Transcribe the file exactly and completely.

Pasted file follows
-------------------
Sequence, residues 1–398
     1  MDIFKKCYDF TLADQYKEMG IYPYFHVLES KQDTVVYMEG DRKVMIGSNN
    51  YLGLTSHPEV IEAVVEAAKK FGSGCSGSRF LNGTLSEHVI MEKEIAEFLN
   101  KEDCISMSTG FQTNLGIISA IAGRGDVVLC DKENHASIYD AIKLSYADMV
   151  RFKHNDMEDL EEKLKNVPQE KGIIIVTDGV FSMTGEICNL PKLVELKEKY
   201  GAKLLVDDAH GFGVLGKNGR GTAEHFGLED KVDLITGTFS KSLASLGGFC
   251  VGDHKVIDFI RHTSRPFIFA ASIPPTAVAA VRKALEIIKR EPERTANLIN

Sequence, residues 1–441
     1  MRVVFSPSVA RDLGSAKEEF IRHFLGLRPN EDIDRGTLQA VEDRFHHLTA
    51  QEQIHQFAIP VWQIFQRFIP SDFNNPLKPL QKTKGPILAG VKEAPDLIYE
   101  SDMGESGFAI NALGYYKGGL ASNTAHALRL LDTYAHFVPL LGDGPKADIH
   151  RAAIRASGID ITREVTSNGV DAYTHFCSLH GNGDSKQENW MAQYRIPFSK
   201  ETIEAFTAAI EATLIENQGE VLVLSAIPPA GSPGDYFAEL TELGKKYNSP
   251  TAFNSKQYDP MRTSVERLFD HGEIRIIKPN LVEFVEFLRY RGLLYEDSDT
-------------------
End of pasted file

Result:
Sequence, residues 1–398
     1  MDIFKKCYDF TLADQYKEMG IYPYFHVLES KQDTVVYMEG DRKVMIGSNN
    51  YLGLTSHPEV IEAVVEAAKK FGSGCSGSRF LNGTLSEHVI MEKEIAEFLN
   101  KEDCISMSTG FQTNLGIISA IAGRGDVVLC DKENHASIYD AIKLSYADMV
   151  RFKHNDMEDL EEKLKNVPQE KGIIIVTDGV FSMTGEICNL PKLVELKEKY
   201  GAKLLVDDAH GFGVLGKNGR GTAEHFGLED KVDLITGTFS KSLASLGGFC
   251  VGDHKVIDFI RHTSRPFIFA ASIPPTAVAA VRKALEIIKR EPERTANLIN

Sequence, residues 1–441
     1  MRVVFSPSVA RDLGSAKEEF IRHFLGLRPN EDIDRGTLQA VEDRFHHLTA
    51  QEQIHQFAIP VWQIFQRFIP SDFNNPLKPL QKTKGPILAG VKEAPDLIYE
   101  SDMGESGFAI NALGYYKGGL ASNTAHALRL LDTYAHFVPL LGDGPKADIH
   151  RAAIRASGID ITREVTSNGV DAYTHFCSLH GNGDSKQENW MAQYRIPFSK
   201  ETIEAFTAAI EATLIENQGE VLVLSAIPPA GSPGDYFAEL TELGKKYNSP
   251  TAFNSKQYDP MRTSVERLFD HGEIRIIKPN LVEFVEFLRY RGLLYEDSDT